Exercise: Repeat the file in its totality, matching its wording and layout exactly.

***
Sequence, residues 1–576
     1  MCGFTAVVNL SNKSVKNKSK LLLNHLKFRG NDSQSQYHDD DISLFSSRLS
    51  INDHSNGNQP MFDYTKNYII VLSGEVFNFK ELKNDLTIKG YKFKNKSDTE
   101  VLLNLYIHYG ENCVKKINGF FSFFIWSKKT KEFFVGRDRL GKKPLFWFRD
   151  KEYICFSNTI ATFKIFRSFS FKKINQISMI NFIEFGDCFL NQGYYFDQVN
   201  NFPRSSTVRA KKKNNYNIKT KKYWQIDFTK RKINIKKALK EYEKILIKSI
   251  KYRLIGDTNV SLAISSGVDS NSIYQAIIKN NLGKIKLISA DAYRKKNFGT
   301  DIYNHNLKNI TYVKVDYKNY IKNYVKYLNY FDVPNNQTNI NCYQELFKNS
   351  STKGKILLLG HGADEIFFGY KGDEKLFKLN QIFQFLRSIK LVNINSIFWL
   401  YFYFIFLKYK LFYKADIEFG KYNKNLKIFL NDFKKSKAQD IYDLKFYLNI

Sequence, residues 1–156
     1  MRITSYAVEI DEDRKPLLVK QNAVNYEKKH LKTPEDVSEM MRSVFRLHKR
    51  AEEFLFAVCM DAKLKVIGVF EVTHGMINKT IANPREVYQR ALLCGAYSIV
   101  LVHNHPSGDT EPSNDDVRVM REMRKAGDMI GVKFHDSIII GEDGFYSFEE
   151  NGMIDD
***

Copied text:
Sequence, residues 1–576
     1  MCGFTAVVNL SNKSVKNKSK LLLNHLKFRG NDSQSQYHDD DISLFSSRLS
    51  INDHSNGNQP MFDYTKNYII VLSGEVFNFK ELKNDLTIKG YKFKNKSDTE
   101  VLLNLYIHYG ENCVKKINGF FSFFIWSKKT KEFFVGRDRL GKKPLFWFRD
   151  KEYICFSNTI ATFKIFRSFS FKKINQISMI NFIEFGDCFL NQGYYFDQVN
   201  NFPRSSTVRA KKKNNYNIKT KKYWQIDFTK RKINIKKALK EYEKILIKSI
   251  KYRLIGDTNV SLAISSGVDS NSIYQAIIKN NLGKIKLISA DAYRKKNFGT
   301  DIYNHNLKNI TYVKVDYKNY IKNYVKYLNY FDVPNNQTNI NCYQELFKNS
   351  STKGKILLLG HGADEIFFGY KGDEKLFKLN QIFQFLRSIK LVNINSIFWL
   401  YFYFIFLKYK LFYKADIEFG KYNKNLKIFL NDFKKSKAQD IYDLKFYLNI

Sequence, residues 1–156
     1  MRITSYAVEI DEDRKPLLVK QNAVNYEKKH LKTPEDVSEM MRSVFRLHKR
    51  AEEFLFAVCM DAKLKVIGVF EVTHGMINKT IANPREVYQR ALLCGAYSIV
   101  LVHNHPSGDT EPSNDDVRVM REMRKAGDMI GVKFHDSIII GEDGFYSFEE
   151  NGMIDD